The federal agency quietly changed the procedure needed to receive a tax closing letter.
The Internal Revenue Service (IRS) made an unannounced change to their Frequently Asked Questions page on the Estate Taxes portion of their website. The change impacts the procedure used for closing letters received after filing a Form 706 Estate (and Generation-Skipping Transfer Tax) Return. An article on WealthManagement.com, a news source designed to provide wealth professionals with updates on financial planning strategies, notes that the change was significant and that the agency made the change quietly.
Role of the closing letter
A closing letter provides evidence that the IRS accepted the filing of Form 706 and that the federal tax liabilities are satisfied. This is an important step for executors of an estate, as it allows the estate to close the administration process. Without this letter, the estate is essentially frozen and the executor may not be able to move the distribution process forward.
These forms are generally required for estates that are taxable or in instances when the owner of the estate made significant gifts during his or her lifetime. A failure to file this form can lead to penalties if required taxes are not paid on time.
Tax closing letter procedure: Dates and details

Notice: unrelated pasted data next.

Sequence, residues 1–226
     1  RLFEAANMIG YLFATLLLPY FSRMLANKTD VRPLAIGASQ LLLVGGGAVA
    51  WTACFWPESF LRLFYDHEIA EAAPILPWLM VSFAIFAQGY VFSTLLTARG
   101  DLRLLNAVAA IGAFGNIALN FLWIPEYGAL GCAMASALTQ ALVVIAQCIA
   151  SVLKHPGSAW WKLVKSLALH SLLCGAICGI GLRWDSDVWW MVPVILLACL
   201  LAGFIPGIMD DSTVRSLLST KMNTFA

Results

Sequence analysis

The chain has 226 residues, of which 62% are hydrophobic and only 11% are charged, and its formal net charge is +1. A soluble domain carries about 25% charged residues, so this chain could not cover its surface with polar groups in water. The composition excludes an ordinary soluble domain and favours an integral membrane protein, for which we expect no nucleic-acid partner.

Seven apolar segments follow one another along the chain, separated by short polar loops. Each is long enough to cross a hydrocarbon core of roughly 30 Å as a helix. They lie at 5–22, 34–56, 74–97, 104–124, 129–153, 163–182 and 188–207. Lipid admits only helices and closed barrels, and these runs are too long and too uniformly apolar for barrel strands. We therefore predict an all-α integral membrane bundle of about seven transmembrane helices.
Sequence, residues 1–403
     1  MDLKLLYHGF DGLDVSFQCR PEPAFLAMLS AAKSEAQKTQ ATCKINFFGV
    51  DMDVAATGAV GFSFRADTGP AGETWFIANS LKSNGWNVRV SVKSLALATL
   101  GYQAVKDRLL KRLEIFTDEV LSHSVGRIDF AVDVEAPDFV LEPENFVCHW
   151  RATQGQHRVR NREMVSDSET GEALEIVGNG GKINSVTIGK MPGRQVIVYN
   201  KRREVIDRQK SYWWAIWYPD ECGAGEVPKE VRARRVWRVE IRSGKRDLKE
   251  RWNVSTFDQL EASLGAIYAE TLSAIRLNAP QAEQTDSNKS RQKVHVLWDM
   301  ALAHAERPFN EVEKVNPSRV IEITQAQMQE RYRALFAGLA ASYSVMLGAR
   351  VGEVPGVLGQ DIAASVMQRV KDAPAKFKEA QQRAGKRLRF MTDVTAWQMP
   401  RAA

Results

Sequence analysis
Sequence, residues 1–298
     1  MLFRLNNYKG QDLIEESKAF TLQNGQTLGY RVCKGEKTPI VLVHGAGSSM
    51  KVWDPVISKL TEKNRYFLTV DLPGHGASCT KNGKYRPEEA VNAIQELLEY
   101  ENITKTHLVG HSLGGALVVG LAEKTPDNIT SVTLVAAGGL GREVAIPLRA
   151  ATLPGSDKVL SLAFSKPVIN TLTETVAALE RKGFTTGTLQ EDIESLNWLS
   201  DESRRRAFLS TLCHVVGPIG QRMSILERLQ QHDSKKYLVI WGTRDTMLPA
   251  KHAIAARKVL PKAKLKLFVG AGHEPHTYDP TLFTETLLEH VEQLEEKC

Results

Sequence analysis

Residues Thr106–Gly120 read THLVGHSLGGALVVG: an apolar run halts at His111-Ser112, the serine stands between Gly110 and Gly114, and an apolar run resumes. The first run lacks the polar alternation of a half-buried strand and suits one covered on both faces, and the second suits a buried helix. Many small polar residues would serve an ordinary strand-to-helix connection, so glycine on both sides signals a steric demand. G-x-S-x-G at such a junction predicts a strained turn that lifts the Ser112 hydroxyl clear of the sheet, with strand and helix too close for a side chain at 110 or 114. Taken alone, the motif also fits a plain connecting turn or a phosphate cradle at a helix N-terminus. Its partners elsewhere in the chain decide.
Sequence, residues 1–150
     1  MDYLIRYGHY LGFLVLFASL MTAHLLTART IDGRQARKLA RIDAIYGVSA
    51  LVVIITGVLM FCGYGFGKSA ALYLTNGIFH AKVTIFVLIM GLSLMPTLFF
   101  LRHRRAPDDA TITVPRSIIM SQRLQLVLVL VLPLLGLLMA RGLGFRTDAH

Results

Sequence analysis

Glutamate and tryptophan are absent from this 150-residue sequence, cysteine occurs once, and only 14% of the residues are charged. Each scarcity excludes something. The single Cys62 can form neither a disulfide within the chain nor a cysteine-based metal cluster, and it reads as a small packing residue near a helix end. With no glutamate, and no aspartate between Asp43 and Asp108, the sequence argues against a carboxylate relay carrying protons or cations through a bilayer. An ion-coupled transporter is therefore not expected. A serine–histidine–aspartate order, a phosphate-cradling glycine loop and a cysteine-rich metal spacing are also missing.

For returns that are filed and accepted before June 1, 2015 and have no errors or other special circumstances, a closing letter should be sent anywhere from four to six months after the return is filed. However, the IRS states that estate tax returns that are filed on or after June 1 of 2015 will receive an estate tax closing letter only if the taxpayer makes an official request. The agency also notes that the taxpayer should wait four months after filing the return to make the request to better ensure there is sufficient time for processing the return.
There is currently no guidance for the request. No forms are available and no language is provided to guide the taxpayer in structuring a proper request.
Importance of legal counsel
The WealthManagement article briefly discusses potential reasons behind the change, stating the IRS may have been motivated by the increase in the number of returns filed. Regardless of the reason for the change, it does highlight the importance of utilizing an experienced estate planning lawyer to help better ensure an estate plan distributes assets according to the owner’s wishes and that the plan stays up to date. The laws governing estate plans change often, and changes can have a significant impact on the estate plan.
Keywords: Tax law
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